Logging California's Forests To Save Them
by Kyle Haines, Klamath Forest Alliance
In a move that could ultimately damage forests and worsen the effects of fires in California, the President has passed the "Healthy Forests Initiative", and unveiled the "Forests with a Future" plan for the Sierra Nevada Range. The "Healthy Forests Initiative" combined with the "Forests with a Future" plan could be devastating to California's forests, as timber companies are given free reign to log trees in so called "fire risk areas". Let's take a quick look at these plans:
Healthy Forests Initiative
This legislation puts just about any timber sale advertised by the BLM and Forest Service as a "fuels treatment project" on a fast track for approval and logging. Citizen participation is essentially cut out because the timelines are so short, appeals not allowed in most cases, and judges forced to weigh economic vs environmental consequences of lawsuits every 60 days. The requirement that the Forest Service and BLM consult with the Fish & Wildlife Service is greatly reduced or eliminated.
The problem with this plan is it does not tie fire protection directly to towns and structures, instead it allows timber companies to log far out in the forest where the largest and most fire resistant trees are. Funds that could be used for brush clearing near homes, and small tree thinning around communities, are diverted into timber sale planning and administration. So ironically, we end up with LESS fire risk reduction at the taxpayer's expense, and profit of the timber industry.
Forests with a Future
This plan guts the $20 million dollar Sierra Nevada Framework Plan that was created through input from hundreds of thousands of citizens and scientists, and replaces it with a plan to triple logging in the Sierra Nevada Range. To pay for all this logging, timber companies would be allowed to log trees up to 30" diameter, a 10" diameter increase from current levels allowed under the Sierra Nevada Framework Plan.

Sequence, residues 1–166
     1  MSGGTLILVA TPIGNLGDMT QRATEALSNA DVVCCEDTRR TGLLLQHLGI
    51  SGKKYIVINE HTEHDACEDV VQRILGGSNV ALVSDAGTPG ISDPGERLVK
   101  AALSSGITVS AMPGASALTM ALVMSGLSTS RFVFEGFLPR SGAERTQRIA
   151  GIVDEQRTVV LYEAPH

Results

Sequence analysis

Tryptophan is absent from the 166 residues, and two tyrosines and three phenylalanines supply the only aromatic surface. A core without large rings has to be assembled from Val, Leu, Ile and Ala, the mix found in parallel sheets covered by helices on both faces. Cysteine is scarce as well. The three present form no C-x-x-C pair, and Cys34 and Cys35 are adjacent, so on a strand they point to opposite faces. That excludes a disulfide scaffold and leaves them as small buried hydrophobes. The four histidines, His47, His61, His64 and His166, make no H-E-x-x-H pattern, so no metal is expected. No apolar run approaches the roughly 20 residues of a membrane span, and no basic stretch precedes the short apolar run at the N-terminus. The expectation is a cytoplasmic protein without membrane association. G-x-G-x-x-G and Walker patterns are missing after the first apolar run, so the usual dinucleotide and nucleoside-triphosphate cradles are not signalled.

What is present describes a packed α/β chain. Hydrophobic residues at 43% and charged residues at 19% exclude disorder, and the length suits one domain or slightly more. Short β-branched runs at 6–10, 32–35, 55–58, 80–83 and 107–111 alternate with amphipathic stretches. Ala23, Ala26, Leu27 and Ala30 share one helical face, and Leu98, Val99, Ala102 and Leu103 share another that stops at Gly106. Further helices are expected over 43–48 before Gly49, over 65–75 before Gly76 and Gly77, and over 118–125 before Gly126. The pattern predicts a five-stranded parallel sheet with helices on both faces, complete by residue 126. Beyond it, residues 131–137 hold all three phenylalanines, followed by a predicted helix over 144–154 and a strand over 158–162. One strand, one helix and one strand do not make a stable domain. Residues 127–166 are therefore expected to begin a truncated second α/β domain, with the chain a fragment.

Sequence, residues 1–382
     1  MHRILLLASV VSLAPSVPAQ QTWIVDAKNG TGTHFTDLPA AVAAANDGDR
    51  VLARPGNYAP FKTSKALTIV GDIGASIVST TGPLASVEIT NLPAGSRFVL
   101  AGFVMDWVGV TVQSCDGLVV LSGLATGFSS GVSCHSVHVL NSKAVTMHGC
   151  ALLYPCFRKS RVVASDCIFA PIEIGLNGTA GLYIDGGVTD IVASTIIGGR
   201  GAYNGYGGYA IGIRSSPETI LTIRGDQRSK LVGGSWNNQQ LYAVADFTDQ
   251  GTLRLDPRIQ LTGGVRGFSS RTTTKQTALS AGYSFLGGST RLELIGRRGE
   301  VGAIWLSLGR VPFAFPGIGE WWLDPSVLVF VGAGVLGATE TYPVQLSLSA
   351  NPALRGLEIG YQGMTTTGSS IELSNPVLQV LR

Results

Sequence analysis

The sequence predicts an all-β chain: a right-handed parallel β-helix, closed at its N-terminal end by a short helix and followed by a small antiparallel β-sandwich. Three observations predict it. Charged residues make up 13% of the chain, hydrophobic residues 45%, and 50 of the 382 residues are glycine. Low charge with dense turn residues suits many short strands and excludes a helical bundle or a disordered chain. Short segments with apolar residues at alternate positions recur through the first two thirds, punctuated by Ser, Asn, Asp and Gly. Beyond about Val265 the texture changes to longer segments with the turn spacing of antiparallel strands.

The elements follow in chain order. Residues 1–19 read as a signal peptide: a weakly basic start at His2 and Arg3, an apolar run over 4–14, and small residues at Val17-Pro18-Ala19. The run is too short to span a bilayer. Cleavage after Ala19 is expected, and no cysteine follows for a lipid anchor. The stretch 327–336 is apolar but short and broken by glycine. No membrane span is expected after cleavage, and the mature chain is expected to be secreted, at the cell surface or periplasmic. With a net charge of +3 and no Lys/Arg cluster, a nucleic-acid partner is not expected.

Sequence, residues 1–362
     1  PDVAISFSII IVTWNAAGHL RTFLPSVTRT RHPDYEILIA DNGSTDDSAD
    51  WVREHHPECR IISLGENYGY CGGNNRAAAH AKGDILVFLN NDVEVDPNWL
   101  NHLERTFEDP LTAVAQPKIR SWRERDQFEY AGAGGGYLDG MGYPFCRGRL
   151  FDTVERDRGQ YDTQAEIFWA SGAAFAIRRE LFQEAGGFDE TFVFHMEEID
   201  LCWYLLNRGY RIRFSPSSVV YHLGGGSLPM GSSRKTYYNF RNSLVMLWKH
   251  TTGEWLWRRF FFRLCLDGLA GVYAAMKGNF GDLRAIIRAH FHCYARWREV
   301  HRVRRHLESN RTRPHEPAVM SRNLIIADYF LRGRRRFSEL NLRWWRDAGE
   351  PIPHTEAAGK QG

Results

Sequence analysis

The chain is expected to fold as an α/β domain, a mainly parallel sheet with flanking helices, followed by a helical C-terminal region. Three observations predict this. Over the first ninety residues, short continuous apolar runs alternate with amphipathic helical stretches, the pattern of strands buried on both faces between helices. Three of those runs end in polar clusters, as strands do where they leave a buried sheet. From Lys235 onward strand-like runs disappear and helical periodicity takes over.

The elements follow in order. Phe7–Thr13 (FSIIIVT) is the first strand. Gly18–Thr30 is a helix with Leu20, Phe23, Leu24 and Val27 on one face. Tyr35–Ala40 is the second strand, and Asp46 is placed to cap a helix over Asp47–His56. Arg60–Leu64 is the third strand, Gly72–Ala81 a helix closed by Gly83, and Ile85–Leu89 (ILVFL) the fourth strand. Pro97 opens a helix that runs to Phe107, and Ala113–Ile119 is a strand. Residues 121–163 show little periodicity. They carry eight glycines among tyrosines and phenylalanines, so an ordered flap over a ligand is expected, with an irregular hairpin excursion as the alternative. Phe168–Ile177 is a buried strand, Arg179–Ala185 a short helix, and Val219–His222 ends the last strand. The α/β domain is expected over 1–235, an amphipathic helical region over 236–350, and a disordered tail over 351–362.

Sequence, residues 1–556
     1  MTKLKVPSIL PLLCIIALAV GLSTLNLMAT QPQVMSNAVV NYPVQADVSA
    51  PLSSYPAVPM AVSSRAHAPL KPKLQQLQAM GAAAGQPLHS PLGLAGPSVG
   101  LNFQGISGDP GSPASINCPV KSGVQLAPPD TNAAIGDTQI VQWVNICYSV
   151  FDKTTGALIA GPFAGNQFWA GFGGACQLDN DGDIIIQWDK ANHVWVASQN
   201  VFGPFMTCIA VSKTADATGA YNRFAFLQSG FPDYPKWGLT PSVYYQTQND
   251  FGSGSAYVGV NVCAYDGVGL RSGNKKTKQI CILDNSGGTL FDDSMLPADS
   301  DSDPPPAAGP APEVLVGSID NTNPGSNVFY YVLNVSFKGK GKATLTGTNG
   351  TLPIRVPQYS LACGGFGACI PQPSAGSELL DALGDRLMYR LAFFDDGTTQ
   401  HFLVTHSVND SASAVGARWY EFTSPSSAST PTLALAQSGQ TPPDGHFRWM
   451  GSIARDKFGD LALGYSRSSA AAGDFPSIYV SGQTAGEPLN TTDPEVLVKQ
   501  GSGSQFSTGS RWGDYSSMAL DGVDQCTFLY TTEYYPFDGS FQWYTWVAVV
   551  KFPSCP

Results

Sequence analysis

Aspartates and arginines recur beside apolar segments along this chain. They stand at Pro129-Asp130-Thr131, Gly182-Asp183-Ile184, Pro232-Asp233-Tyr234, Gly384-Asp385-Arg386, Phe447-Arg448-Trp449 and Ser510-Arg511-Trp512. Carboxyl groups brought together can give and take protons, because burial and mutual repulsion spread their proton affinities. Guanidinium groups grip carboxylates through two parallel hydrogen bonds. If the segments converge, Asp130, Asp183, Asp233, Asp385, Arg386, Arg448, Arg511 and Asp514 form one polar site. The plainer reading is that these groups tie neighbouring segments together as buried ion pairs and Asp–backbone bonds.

The problem with this plan is that it also does not tie fire protection directly to towns and structures, and gives the timber industry the gift of being able to log old growth trees up to 30" diameter to pay for it.
Scientists have said again and again that large trees are the most fire resistant due to their high moisture content, low surface area, and thick bark. Old clearcut plantations with thick brush and small diameter trees are the least fire resistant, and pose the greatest danger to California homeowners.
There is some good news on the horizon; on December 11th, a federal judge ordered the U.S. Forest Service to cease logging on the Burnt Ridge timber sale in the Sequoia National Forest. The judge ruled that the timber sale would likely harm the California spotted owl and the Pacific fisher, and that it would likely require a full environmental review rather being exempted from review as the Bush administration urged. The ruling is a major setback to the Bush administration's so-called "Healthy Forest Initiative, and is the first to challenge the policy of exempting "small" timber sales from environmental review.
Environmental groups throughout California and the nation will likely sue the Forest Service to stop the rollbacks of the Sierra Nevada Plan. Much of what the Bush administration has promised industry, has started to stall as projects are tied up in litigation. Please urge the Forest Service to stop wasting the taxpayer's money on logging far from communities, and instead follow the existing Sierra Nevada Framework Plan. You can send comments to: Jack Blackwell, USDA Regional Forester, 1323 Club Drive, Vallejo, CA 94592